Example:

<h:outputFormat value="Welcome, {0}. You have {1} new messages.">
  <f:param value="#{userBean.user.firstName}" />
  <f:param value="#{userBean.user.messageCount}" />
</h:outputFormat>

HTML Output:

Welcome, John. You have 12 new messages.

10) inputText Tag

The inputText tag renders an HTML input element of the type text.
Example:

<h:inputText id="username" value="#{userBean.user.username}" />

HTML Output:

<input id="form:username" name="form:username" type="text" />

11) commandButton Tag

The commandButton tag renders an HTML submit button that can be associated with a backing bean or ActionListener class for event handling purposes. The display value of the button can also be obtained from a message bundle to support internationalization
Example:

<h:commandButton id="button1" value="#{bundle.checkoutLabel}"
                 action="#{shoppingCartBean.checkout}" />

HTML Output:

<input id="form:button1" name="form:button1" type="submit"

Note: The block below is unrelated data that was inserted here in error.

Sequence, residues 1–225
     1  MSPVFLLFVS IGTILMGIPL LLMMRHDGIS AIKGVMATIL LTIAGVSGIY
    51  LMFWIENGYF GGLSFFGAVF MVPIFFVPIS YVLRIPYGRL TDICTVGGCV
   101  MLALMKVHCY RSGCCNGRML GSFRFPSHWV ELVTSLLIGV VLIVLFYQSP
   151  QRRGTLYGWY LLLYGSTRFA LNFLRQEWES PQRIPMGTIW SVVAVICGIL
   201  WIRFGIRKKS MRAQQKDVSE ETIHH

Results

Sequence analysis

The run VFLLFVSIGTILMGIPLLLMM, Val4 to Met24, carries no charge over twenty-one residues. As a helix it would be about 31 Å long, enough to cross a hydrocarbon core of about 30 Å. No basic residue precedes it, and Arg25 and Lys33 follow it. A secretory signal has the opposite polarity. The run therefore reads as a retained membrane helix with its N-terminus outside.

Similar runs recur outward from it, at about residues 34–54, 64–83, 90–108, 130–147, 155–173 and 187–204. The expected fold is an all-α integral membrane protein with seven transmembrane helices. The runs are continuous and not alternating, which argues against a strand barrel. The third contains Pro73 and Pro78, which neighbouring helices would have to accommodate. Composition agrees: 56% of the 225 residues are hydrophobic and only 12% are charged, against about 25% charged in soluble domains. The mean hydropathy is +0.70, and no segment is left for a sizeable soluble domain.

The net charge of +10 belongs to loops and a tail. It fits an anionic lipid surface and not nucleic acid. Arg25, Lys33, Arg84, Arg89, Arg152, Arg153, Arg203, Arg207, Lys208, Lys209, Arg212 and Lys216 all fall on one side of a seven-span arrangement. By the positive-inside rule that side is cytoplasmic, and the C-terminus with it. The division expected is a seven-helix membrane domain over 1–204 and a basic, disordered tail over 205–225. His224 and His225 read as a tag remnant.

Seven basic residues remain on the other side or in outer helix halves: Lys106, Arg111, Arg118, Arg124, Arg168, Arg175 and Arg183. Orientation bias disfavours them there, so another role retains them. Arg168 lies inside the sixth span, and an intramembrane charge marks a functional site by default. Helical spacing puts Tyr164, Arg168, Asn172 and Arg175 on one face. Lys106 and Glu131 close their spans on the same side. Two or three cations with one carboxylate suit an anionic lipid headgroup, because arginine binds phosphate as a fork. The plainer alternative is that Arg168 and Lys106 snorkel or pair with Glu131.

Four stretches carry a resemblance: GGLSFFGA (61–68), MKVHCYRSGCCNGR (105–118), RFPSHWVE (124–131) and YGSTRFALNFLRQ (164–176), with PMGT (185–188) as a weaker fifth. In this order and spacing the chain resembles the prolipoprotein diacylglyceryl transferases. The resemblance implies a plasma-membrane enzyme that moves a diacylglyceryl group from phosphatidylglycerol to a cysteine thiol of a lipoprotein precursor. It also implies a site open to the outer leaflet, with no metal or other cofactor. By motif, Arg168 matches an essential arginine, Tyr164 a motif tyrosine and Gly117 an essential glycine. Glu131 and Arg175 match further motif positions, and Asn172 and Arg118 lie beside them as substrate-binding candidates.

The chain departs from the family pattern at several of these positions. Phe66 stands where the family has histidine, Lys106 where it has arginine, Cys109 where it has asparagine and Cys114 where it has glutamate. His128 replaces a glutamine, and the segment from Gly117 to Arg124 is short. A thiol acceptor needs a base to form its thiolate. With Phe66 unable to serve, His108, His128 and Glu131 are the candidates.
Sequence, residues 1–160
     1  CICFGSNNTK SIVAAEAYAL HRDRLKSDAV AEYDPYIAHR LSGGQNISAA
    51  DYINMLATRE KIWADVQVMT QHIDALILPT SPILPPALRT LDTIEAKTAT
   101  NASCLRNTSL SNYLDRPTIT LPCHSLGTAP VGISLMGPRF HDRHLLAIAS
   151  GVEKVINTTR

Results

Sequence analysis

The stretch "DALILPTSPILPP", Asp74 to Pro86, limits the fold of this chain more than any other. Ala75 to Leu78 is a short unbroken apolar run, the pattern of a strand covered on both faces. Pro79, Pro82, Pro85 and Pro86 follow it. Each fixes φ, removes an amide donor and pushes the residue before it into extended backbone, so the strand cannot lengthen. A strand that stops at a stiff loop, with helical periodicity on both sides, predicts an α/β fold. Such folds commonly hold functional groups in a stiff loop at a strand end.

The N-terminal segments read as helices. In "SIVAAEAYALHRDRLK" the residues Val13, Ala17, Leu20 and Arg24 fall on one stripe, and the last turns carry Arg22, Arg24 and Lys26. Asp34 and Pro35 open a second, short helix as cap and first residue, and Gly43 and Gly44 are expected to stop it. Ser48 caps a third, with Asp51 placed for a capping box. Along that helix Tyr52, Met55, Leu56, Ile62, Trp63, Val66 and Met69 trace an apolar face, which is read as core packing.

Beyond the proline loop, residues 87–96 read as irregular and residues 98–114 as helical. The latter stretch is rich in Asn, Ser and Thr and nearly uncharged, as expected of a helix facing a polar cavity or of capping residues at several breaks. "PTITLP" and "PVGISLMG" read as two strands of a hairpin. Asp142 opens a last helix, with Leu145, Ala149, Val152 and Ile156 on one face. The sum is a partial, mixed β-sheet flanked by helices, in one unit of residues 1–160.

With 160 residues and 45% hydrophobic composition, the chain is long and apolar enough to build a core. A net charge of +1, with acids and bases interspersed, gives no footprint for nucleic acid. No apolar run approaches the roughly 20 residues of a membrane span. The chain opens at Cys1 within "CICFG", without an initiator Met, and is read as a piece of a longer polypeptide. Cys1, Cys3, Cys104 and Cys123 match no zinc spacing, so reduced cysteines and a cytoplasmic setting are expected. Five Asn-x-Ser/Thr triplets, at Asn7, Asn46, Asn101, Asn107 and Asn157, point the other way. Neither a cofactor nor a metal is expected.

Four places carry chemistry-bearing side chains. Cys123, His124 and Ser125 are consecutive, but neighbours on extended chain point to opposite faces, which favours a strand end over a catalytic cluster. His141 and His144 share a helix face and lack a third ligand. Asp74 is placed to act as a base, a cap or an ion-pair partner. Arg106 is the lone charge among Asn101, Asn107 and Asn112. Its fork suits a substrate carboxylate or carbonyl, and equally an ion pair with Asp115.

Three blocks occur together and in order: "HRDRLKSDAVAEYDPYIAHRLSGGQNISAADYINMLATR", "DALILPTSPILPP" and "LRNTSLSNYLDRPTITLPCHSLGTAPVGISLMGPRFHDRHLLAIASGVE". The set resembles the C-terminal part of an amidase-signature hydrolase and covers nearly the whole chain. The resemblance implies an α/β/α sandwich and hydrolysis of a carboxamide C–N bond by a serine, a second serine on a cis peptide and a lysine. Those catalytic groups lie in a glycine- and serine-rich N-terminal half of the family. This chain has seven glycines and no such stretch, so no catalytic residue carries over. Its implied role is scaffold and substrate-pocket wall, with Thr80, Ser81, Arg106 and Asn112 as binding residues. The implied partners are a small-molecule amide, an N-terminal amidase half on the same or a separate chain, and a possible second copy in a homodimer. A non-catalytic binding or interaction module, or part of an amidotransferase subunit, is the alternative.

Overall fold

value="Check Out" onclick="someEvent();" />

12) Summary

Tags plays an important role in working with JSF Framework. Here i presented only some of the Tags with description and an Example for each. If you want more info about these tags and the remaining tags Please go through the link shown below.

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About Krishna Srinivasan

He is Founder and Chief Editor of JavaBeat. He has more than 8+ years of experience on developing Web applications. He writes about Spring, DOJO, JSF, Hibernate and many other emerging technologies in this blog.